Bird flu and global poultry supply chain impact

An article in the Wall Street Journal (March 22, 2017) titled “Bird-Flu Outbreak Brings Pain for Poultry Producers in Asia”, describes the emerging cases of H7N9 bird flu in China, with over 140 human deaths in China this year alone, and its impact. Poultry farmers in China are dumping product so that prices have dropped 13% and imports 24%.  But markets in South Korea have seem price increases due to low supplies. With China banning US imports over avian flu concerns, Thailand is expected to benefit from China market growth, with Chinese imports expected to grow by 10%, making it the second largest importer of poultry (Mexico is the largest).  How should US poultry producers manage the volatility caused avian flu ? With large stocks culled across the world (30 million in South Korea alone), how should producers plan their chicken inventory to optimize performance ?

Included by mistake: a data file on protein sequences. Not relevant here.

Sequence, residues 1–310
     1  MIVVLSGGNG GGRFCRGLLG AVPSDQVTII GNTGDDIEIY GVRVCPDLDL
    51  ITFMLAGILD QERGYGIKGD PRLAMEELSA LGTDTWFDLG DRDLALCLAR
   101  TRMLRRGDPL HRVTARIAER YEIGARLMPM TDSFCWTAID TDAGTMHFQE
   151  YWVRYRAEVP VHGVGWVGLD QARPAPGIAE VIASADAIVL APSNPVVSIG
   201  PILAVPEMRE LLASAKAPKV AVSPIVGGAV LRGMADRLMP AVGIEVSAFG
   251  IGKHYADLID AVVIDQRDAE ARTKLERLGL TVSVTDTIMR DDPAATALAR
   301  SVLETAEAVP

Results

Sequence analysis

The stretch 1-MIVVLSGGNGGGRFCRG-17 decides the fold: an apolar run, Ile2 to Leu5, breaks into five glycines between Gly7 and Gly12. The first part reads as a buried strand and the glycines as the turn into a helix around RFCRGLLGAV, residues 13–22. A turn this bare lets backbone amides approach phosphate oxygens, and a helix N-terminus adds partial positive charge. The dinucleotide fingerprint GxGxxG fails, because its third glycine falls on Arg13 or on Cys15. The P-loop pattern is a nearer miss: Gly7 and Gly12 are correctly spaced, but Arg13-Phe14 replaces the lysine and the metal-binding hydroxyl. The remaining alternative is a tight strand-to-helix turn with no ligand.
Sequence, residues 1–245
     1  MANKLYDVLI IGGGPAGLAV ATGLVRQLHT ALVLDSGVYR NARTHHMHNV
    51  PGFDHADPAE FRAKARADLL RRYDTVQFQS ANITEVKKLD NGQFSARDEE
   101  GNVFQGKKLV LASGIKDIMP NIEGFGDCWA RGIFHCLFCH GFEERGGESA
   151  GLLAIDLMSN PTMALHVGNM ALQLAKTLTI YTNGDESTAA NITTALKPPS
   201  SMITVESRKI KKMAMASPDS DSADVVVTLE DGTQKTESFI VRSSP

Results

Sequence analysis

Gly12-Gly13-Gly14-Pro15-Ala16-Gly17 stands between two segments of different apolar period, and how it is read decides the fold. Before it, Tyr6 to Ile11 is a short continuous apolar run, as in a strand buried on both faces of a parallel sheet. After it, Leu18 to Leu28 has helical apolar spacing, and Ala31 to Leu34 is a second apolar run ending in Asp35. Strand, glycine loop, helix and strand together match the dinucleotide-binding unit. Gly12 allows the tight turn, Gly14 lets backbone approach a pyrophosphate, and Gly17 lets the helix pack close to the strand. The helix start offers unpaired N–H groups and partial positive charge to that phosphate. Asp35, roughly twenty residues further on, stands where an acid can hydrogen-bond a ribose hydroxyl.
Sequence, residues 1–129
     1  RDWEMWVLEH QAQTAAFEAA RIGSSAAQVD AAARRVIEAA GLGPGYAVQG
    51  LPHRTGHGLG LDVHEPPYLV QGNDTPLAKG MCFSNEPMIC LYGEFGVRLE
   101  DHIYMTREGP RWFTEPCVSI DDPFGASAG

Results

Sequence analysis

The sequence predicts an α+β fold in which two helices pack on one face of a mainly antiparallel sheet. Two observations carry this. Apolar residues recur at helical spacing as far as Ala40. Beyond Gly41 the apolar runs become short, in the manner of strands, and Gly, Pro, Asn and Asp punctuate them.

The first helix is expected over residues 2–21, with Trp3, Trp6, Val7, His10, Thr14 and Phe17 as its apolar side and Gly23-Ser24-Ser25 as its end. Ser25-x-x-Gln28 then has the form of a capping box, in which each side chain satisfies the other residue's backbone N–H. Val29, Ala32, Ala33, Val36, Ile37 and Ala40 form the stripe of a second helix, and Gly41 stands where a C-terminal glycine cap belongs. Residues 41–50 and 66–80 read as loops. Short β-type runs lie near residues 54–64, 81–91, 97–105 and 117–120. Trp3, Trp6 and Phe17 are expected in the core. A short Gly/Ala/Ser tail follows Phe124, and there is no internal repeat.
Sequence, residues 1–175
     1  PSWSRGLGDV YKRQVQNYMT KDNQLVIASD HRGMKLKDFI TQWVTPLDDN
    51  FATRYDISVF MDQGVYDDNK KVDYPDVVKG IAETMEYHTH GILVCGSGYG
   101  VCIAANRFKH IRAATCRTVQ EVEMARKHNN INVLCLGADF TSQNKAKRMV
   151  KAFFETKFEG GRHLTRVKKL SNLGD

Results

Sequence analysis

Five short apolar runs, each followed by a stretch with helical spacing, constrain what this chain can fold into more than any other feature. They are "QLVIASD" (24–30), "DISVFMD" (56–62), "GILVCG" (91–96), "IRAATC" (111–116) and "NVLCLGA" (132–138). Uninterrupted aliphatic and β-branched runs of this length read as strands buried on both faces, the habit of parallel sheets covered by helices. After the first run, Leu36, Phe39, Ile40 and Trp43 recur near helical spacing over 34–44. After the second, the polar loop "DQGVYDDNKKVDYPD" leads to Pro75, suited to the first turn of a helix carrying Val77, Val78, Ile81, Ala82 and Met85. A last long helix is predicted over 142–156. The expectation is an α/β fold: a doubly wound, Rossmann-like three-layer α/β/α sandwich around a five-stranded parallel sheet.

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26 Responses to Bird flu and global poultry supply chain impact

  1. Sean Michael says:

    Producers can get ahead of the volatility of poultry by first analyzing their process capacities and the various activities involved with their production. They need to analyze their throughput and understand any potential bottlenecks that exist in the process of production so that they understand what their caps and lims are. Taking it a step further, historical data will give them a good idea of typical seasonal demand which could help set different baselines throughout the year allowing them to plan production well in advance. When out-of-norm situations occur such as the Bird Flu, understanding their normal flow rate will give them the agility to adapt to these types of situations. This will help producers respond more efficiently to these unpredictable events allowing them to better serve the market (and the company) whether the cause results in a demand-constrained or a supply-constrained situation.